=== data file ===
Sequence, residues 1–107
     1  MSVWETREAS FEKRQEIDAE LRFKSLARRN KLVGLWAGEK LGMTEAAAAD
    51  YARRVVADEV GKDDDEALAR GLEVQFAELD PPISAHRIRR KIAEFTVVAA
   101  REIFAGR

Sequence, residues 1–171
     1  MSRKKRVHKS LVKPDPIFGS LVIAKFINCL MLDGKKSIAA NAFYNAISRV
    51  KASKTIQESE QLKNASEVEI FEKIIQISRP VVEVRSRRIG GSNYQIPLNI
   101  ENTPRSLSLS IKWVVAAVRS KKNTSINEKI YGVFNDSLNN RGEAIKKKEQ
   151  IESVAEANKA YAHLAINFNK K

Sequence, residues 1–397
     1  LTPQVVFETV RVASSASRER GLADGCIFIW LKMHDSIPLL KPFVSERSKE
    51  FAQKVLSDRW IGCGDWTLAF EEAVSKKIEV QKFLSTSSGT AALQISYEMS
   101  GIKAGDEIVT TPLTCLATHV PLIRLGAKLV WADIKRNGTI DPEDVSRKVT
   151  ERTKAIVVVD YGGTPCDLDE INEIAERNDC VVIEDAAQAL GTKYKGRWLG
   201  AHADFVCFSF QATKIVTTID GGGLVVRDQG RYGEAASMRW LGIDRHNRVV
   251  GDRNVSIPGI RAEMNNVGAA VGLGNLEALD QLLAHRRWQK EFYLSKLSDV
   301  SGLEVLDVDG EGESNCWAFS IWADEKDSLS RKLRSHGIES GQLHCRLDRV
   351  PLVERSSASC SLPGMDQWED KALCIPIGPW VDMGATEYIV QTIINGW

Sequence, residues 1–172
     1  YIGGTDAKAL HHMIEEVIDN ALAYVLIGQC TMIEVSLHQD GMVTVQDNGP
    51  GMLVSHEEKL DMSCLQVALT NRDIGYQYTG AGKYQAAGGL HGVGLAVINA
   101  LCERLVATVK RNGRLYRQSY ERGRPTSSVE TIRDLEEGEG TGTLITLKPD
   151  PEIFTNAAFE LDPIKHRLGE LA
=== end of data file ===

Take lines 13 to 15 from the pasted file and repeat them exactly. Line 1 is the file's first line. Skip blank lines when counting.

   101  GIKAGDEIVT TPLTCLATHV PLIRLGAKLV WADIKRNGTI DPEDVSRKVT
   151  ERTKAIVVVD YGGTPCDLDE INEIAERNDC VVIEDAAQAL GTKYKGRWLG
   201  AHADFVCFSF QATKIVTTID GGGLVVRDQG RYGEAASMRW LGIDRHNRVV